Anyway, if you look at the perception of what it means to become an adult that her comment is built on, it's a little weird, isn't it? It's not so much that being a tax consultant is the hallmark job of having given up on the joy of life, it's just that it seems so settled. That around forty, your job is stable, set. You, as a person, should be defined by now. Maybe it was your dream to become a tax consultant, and you love the work and what it provides for you, but whatever aspiration you had as a young adult should be solidified by forty.


I wouldn't mind being being solidified into something. It's just that it feels like the expectation to settle into an identity is more than the pressure to find the right identity to settle into. I'd love to be using my mortal time on this earth to be doing the things I feel I'm best at and having everyone know me for those things. But I haven't hit that sweet spot yet, and I'd like to keep trying.

It's not that anything or anyone is really stopping me, not actively. Social pressures and conformity have a way of existing without being present. No one has ever said to my face, "you're too old to be trying anymore." It's a perception I absorb indirectly, through comments like my friend saying he feels his window is closing, or Yu describing a show about middle aged people being focused on how settled they are. Recently I was looking at the application requirements for getting a permanent residency visa in Japan, where one of the routes to application involved a point system. That point system gets harder as you get older. The idea, I think, is not that the government gives a damn about the intersection between age and ambition. It's just that younger people can spend longer contributing to the social safety net, and are less likely to draw from it. Still, just because they aren't sending a message doesn't mean I won't receive it. You want to apply now? You should have applied twenty years ago. Then your life would already be what it is that you're trying to make it into.

I feel like I'm constantly trying to break out of an ethereal prison of social constraint. Half the time the effort I put into banging against the wall is driven by a panic that I will die alone and suffocating in a small room that I built out of constantly compounding mistakes. The other half of the time I try to convince myself that "age is just a number" and that sort of thing, my life is how I define it, and what I make of it, it doesn't have to be predetermined by anyone else's rules. Especially since no one is actively making the rules, they're just ensuing from general biases and assumptions that people absorb from no one and everyone.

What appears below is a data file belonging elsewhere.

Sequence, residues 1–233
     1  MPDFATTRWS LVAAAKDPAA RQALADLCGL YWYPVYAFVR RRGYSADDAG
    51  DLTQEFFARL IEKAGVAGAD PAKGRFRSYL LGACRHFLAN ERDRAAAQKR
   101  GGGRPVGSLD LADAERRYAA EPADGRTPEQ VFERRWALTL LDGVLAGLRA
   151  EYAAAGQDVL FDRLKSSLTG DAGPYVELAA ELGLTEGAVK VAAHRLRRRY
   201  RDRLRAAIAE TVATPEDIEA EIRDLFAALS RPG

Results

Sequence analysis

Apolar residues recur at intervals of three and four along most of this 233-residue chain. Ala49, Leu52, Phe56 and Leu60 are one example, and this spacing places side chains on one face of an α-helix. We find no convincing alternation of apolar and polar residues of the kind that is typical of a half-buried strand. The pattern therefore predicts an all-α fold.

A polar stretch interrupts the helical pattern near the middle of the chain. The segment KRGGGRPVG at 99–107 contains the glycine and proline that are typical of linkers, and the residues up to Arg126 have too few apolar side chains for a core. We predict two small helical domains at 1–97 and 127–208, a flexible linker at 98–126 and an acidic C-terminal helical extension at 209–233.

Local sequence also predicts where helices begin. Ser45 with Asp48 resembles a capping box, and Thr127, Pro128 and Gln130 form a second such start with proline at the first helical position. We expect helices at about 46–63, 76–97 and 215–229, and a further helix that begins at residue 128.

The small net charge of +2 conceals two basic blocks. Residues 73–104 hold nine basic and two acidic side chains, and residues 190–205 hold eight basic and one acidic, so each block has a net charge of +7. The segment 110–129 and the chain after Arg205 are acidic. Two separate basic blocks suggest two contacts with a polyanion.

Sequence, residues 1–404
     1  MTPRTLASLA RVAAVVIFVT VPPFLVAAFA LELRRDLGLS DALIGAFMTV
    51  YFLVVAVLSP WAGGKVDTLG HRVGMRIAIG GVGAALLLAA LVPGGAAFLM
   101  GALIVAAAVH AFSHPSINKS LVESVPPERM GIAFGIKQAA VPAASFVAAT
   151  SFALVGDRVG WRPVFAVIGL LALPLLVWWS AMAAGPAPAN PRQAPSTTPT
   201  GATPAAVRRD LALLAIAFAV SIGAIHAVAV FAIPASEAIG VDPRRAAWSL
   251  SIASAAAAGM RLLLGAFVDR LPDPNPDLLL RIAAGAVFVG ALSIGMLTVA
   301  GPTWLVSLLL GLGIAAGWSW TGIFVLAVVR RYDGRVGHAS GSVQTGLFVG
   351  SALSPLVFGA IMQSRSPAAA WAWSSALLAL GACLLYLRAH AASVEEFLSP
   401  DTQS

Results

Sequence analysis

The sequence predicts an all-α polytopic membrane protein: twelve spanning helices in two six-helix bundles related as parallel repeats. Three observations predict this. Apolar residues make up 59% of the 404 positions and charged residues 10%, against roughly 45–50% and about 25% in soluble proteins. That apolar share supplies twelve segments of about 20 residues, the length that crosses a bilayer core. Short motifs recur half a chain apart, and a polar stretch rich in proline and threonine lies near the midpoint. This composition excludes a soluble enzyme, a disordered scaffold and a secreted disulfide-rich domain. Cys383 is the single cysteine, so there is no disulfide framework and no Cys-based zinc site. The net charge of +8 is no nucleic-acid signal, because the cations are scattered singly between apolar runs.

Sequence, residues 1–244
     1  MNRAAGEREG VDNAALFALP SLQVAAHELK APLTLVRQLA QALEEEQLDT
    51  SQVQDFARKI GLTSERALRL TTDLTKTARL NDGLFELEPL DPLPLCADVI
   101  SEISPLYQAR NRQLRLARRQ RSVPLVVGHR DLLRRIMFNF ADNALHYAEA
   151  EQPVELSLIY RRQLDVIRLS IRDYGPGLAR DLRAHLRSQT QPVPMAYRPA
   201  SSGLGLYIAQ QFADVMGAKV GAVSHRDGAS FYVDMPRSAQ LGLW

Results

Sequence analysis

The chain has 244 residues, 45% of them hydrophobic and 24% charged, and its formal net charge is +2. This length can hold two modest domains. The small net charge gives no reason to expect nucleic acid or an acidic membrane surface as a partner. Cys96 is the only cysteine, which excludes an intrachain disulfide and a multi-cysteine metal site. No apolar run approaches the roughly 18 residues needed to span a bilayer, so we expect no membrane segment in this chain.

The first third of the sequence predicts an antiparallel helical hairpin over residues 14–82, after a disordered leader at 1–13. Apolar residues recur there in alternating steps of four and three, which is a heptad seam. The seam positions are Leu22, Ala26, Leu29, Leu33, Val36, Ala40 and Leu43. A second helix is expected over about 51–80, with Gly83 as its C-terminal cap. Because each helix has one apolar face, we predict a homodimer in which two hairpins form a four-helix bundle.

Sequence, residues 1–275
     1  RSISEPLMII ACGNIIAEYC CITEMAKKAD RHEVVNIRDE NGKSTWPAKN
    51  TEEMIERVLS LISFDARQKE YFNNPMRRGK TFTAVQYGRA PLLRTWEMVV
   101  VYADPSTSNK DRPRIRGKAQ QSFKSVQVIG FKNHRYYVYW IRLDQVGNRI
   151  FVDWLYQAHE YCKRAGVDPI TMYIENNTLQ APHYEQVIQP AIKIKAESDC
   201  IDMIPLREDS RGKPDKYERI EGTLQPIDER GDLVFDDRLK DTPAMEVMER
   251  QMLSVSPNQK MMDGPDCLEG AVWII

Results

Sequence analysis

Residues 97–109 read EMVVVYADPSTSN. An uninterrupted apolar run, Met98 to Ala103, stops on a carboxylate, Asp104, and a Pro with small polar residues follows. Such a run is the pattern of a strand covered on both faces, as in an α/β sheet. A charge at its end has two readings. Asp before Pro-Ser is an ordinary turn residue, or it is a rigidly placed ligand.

Age is just a number. Yeah, but it's a number on a clock, and it's counting down, not up.

I'd like to say I have some clever insight on this that ultimately pushes me through in order to continue to make the effort to try and fulfill my ambitions. Unfortunately, the thing that keeps me going is not some key that unlocks a resource of positivity to make me pop up out of bed every morning like toast from a toaster. All I've been able able to muster as motivation is, "what else are you going to do? Just sit down and die?" As much as constantly aspiring feels like the symptom of a life that didn't amount to much, the alternative, to not make any attempt at all, seems so much worse.

To at least try to end on some kind of positive note, I do take some comfort in the idea that my ambitions are not as tied to my physical health or youth as they are for others. Ultimately, I want to tell stories, and that is something I can pretty much do at any age, in some form or another. If my dream was to be a professional hockey player, that window would have been decidedly closed a lot earlier in life.

And what if your ambition was something where there was a definite time where you pretty much had to stop because it's only available for a specific period of your life? Even if it succeeded, and you had the rest of your life ahead of you, are you supposed to just sit around thinking, "I was awesome once"?

Maybe I'd rather stay ambitious in any case.